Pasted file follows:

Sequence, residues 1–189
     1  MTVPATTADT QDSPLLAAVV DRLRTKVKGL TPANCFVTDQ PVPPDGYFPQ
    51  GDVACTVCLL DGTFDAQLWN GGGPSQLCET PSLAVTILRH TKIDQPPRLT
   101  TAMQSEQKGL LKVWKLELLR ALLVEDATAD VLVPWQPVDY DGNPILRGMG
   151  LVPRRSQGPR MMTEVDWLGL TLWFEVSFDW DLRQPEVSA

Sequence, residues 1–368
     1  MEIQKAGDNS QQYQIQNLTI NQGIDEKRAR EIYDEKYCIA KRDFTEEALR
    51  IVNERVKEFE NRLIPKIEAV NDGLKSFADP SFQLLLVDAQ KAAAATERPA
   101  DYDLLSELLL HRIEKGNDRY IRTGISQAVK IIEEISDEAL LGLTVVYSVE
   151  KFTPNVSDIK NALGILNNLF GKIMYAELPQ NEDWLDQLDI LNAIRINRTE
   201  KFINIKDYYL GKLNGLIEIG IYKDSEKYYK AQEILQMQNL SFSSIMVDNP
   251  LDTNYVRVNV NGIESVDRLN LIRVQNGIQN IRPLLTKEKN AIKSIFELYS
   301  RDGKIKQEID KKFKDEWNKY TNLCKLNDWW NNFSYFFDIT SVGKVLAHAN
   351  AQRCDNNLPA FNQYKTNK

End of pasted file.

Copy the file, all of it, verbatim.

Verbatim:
Sequence, residues 1–189
     1  MTVPATTADT QDSPLLAAVV DRLRTKVKGL TPANCFVTDQ PVPPDGYFPQ
    51  GDVACTVCLL DGTFDAQLWN GGGPSQLCET PSLAVTILRH TKIDQPPRLT
   101  TAMQSEQKGL LKVWKLELLR ALLVEDATAD VLVPWQPVDY DGNPILRGMG
   151  LVPRRSQGPR MMTEVDWLGL TLWFEVSFDW DLRQPEVSA

Sequence, residues 1–368
     1  MEIQKAGDNS QQYQIQNLTI NQGIDEKRAR EIYDEKYCIA KRDFTEEALR
    51  IVNERVKEFE NRLIPKIEAV NDGLKSFADP SFQLLLVDAQ KAAAATERPA
   101  DYDLLSELLL HRIEKGNDRY IRTGISQAVK IIEEISDEAL LGLTVVYSVE
   151  KFTPNVSDIK NALGILNNLF GKIMYAELPQ NEDWLDQLDI LNAIRINRTE
   201  KFINIKDYYL GKLNGLIEIG IYKDSEKYYK AQEILQMQNL SFSSIMVDNP
   251  LDTNYVRVNV NGIESVDRLN LIRVQNGIQN IRPLLTKEKN AIKSIFELYS
   301  RDGKIKQEID KKFKDEWNKY TNLCKLNDWW NNFSYFFDIT SVGKVLAHAN
   351  AQRCDNNLPA FNQYKTNK